eagerly expectant, as anticipating a desired event or arrival: waiting atiptoe for the mail.
If children wait atiptoe for Christmas morning, they are “eagerly expectant,” their anticipation likened to the excitement associated with standing on tiptoe. And indeed, “on tiptoe” is what the adjective and adverb atiptoe literally means. The initial a– in atiptoe is a reduced form of the Old English preposition on, variously meaning “on, in, into, toward.” This particular a– (the form has many other senses or functions in English) appears in a great variety of words, such as acknowledge, ablaze, aloud, and away. So, afoot, as another example, began as the prepositional phrase on foot. Atiptoe is recorded English by the late 1500s.
Ethel was standing beside her all aglow and atiptoe with anticipation.
The audience was atiptoe when “Suor Angelica” began, but despondent at the curtain’s fall.
comfortable and pleasant; cozy.
The adjective gemütlich “comfortable and pleasant; cozy” is borrowed directly from German gemütlich “homey, casual, social.” Gemütlich is composed of Gemüt “mind, mentality” and –lich, which is equivalent to English’s adverb-forming suffix –ly. The German noun Gemüt—which might be more properly translated as “the total composition of the human psyche and spirit”—is formed from ge-, a collective noun-forming prefix, and Mut “courage,” related to English mood. Gemütlich entered English in the mid-1800s.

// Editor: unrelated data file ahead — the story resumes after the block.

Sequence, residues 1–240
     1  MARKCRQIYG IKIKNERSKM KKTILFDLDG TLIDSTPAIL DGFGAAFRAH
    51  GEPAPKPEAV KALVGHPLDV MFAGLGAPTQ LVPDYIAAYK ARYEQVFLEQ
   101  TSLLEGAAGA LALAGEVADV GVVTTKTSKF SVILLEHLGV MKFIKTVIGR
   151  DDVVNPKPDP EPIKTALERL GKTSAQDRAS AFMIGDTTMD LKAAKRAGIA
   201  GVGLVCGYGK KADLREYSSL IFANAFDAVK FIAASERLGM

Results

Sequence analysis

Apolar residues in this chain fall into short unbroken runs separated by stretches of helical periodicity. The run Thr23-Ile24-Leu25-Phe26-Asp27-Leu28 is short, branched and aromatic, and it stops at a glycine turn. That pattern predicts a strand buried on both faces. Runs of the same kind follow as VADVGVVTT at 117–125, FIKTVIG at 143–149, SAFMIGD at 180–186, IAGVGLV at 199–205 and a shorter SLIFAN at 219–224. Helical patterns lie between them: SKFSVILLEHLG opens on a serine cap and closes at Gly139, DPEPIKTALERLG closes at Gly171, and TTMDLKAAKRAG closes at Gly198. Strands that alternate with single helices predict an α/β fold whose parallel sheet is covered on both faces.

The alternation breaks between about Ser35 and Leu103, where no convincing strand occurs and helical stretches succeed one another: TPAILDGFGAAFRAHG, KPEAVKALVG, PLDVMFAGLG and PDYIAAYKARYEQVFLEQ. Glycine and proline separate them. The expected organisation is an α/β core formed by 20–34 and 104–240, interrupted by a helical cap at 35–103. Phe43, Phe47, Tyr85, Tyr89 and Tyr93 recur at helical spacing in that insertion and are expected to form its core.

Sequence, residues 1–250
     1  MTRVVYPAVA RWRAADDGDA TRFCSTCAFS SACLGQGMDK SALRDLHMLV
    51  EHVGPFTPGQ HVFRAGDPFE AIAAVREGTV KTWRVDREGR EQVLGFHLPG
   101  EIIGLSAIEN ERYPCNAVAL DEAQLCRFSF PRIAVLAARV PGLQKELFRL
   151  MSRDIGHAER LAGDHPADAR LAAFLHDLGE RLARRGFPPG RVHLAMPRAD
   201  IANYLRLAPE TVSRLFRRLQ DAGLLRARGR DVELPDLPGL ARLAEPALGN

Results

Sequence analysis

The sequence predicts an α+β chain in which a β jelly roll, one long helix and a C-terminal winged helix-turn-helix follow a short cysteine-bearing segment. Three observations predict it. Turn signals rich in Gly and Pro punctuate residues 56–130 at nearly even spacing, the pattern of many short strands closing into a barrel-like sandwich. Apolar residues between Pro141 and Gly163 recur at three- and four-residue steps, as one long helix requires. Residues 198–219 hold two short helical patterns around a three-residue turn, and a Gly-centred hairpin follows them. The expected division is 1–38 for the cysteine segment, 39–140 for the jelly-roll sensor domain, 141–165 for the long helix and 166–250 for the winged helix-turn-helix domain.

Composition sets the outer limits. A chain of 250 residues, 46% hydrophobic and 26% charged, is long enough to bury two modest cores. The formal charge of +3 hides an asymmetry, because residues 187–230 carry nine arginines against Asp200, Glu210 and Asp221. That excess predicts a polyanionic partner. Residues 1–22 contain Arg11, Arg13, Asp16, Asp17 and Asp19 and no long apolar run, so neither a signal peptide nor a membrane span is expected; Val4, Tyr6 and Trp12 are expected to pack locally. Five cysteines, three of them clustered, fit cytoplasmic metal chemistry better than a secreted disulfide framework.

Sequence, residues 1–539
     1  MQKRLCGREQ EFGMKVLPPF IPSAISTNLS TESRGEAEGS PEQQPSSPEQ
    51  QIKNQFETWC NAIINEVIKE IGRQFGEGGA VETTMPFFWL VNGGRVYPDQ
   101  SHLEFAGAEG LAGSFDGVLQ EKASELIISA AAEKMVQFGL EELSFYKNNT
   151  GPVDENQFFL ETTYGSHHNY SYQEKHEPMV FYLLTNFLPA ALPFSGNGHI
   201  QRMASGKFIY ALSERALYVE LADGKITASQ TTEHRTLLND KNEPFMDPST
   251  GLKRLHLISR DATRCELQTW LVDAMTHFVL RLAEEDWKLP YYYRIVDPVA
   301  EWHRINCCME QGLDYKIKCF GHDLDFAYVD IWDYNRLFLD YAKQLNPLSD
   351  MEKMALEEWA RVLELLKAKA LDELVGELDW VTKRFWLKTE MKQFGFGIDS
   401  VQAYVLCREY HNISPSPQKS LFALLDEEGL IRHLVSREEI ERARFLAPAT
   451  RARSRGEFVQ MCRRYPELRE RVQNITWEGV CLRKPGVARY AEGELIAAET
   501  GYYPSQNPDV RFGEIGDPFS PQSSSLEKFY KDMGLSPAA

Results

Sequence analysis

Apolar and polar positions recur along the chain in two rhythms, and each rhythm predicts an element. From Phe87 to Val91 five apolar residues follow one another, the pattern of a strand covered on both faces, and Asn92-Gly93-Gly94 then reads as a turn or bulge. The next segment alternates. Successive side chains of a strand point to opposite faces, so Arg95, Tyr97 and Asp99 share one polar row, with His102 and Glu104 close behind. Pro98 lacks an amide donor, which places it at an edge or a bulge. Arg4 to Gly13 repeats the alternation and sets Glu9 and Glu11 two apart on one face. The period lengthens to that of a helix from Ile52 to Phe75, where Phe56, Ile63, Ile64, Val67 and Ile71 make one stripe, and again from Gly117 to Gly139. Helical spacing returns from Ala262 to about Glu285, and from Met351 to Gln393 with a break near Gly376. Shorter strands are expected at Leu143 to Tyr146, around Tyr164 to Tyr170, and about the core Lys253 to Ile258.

Nina exclaimed at the old walnut trimmings, gurgled over the crowded decorations in the Victorian manner, and settled down, announcing that it was so gemütlich, she would love a cup of tea.
verb (used without object)
to be extraordinarily pleased; especially, to be bursting with pride, as over one's family.
We can’t help but kvell about Yiddish words borrowed into English. Kvell “to be extraordinarily pleased, burst with pride” comes from Yiddish kveln “be delighted,” related to Middle High German and German quellen “well up, gush.” The informal verb kvell is often used to convey pride and pleasure, especially about the accomplishments of one’s own family. For example: “‘My granddaughter graduated at the top of her medical school class,’ he kvelled.” For the opposite of kvell, one might consider another borrowing from Yiddish: kvetch “to complain, especially chronically,” from the Yiddish verb kvetshn, which literally means “to squeeze, pinch.” Kvell entered English in the mid-1900s.
Sidney, more than any of the others, has kept his parents reliably supplied with … reasons to kvell: full scholarships, graduation cum laude, smart grandsons, Junior Chamber of Commerce awards.
Omega threw a rollicking cocktail party starring Buzz Aldrin and other astronauts, to kvell over the fortieth birthday of the first lunar landing—of both man and wristwatch.